In this special Watson Lecture Series, Andrei Faraon, recipient of the 2016 KNI-Wheatley Scholar program, will discuss his recent research achievements in Flat Metasurface Optics.
Andrei Faron and his team have developed a novel technique that allows for the projection of two different images from the same hologram.
Congratulations to Professor Nathan S. Lewis on being elected to the National Academy of Inventors (NAI)
The KNI is pleased to announce that Stevan Nadj-Perge, Assistant Professor of Applied Physics and Materials Science, has been named the 2017 KNI-Wheatley Scholar in Nanoscience.
For the first time, an international team led by engineers at Caltech has developed a computer chip with nanoscale optical quantum memory. The smallest-yet optical quantum memory device is a storage medium for optical quantum networks with the potential to be scaled up for commercial use.
A team of engineers and scientists at Caltech and ETH Zurich have developed an artificial skin capable of detecting temperature changes using a mechanism similar to the one used by the organ that allows pit vipers to sense their prey.
The Division of Engineering and Applied Science's ENGenious magazine sat down with the KNI's two Fletcher Jones Foundation Co-Directors to discuss the past, present and future contributions of the KNI as an intellectual hub and facilitator of cross-disciplinary research in nanoscience and nanotechnology.
Partnering with Stephen Hawking and actress Zoe Saldana, the KNI joins Caltech's IQIM, Trouper Productions and Cinestar Pictures in releasing Quantum is Calling. Directed by Alex Winter, the short film features Saldana and Hawking solving a cryptic riddle when Simon Pegg's cat disappears into the Quantum Realm. The video is designed to stimulate interest and promote education in the emerging scientific field of quantum information theory and quantum computing.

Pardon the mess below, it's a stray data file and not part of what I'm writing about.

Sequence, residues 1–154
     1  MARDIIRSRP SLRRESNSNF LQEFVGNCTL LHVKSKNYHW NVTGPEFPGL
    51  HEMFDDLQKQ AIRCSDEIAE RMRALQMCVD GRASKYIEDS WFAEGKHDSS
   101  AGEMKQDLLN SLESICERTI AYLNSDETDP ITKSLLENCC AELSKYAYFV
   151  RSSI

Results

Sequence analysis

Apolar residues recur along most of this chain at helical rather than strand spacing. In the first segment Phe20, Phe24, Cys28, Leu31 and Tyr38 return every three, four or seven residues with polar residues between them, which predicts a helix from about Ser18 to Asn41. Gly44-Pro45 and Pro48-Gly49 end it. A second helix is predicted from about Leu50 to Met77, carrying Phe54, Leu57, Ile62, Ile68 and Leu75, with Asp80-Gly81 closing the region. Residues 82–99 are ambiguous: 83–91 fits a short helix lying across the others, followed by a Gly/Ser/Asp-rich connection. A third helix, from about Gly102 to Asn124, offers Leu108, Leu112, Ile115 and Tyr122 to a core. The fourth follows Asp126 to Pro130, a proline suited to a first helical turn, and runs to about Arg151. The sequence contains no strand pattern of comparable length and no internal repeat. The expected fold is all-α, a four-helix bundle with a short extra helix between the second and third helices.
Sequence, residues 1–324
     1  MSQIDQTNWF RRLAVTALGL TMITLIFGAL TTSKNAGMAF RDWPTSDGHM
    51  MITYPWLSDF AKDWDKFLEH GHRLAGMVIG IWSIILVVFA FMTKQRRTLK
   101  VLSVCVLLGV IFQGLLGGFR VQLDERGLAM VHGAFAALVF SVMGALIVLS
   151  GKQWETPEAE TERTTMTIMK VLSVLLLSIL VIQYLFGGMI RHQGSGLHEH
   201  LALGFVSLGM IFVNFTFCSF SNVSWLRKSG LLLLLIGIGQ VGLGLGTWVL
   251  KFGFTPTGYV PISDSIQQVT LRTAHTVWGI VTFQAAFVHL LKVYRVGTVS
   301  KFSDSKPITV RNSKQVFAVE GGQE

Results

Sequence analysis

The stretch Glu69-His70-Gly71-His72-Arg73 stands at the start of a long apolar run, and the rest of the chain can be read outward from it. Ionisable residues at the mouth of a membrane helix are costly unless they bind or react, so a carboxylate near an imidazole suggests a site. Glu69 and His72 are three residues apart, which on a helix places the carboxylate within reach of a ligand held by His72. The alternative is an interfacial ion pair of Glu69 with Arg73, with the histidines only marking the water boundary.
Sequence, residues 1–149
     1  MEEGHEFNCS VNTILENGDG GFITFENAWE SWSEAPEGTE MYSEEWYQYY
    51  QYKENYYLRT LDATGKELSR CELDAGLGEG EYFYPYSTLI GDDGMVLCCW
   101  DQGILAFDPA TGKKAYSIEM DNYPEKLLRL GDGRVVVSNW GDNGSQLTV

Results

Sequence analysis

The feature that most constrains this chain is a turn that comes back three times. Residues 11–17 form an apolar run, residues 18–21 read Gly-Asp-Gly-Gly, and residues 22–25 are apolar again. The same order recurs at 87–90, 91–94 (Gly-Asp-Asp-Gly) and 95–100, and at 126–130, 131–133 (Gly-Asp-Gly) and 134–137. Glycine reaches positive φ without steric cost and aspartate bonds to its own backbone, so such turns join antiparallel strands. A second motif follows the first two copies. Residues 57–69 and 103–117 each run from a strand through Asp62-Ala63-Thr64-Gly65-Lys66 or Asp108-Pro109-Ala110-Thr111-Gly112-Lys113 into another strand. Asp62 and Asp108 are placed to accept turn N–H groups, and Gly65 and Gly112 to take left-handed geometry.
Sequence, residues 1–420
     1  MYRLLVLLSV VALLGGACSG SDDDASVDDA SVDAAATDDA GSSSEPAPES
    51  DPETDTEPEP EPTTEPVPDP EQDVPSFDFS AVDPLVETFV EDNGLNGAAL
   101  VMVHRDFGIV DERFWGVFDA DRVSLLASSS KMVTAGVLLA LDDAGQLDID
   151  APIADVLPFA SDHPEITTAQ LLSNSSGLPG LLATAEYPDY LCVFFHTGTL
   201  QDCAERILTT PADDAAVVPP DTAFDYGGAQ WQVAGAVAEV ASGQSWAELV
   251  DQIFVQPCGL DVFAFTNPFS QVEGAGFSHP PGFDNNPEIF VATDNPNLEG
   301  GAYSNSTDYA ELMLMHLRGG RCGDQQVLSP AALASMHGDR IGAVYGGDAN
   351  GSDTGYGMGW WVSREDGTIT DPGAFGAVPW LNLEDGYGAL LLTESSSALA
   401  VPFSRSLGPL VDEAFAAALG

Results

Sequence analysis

In the early 1990s, KNI-Affiliated faculty member Jacqueline Barton, the John G. Kirkwood and Arthur A. Noyes Professor of Chemistry at Caltech, discovered an unexpected property of DNA—that it can act like an electrical wire to transfer electrons quickly across long distances. Later, she and her colleagues showed that cells take advantage of this trait to help locate and repair potentially harmful mutations to DNA.
We developed DNA origami in 2006. The process has the potential to influence a variety of applications from drug delivery to the construction of nanoscale computers.
Painter’s research looks at ways to create new optical materials and devices through the development of nano-scale fabrication techniques and through the exploration of novel physics. The type of research ranges from theory and design, to the fabrication and characterization of devices, and is naturally inter-disciplinary.
Yeh’s principal research field is experimental condensed matter physics, with special emphasis on correlated electronic systems, topological matter, spintronics, low-dimensional systems, nanoscience and nanotechnology, scanning probe microscopy, energy research including photovoltaic and fuel cells, and precision measurements using superconducting technology.
I build devices based on the fundamentals of light–matter interaction. They are all fabricated in the KNI. All this work would be impossible without it. I also bounce ideas off of KNI faculty - they are as good as it gets.
The Kavli Nanoscience Institute at Caltech is an intellectual hub that helps facilitate nanoscale research at the frontiers of electronics, photonics, quantum matter and technology, medical and bioengineering, and sustainability.
Our multi-user laboratories and cleanrooms are located in the Steele Laboratory at the California Institute of Technology in Pasadena, California. These facilities, designed for nanostructure synthesis, fabrication, and characterization are available to users from academia, government, and industry.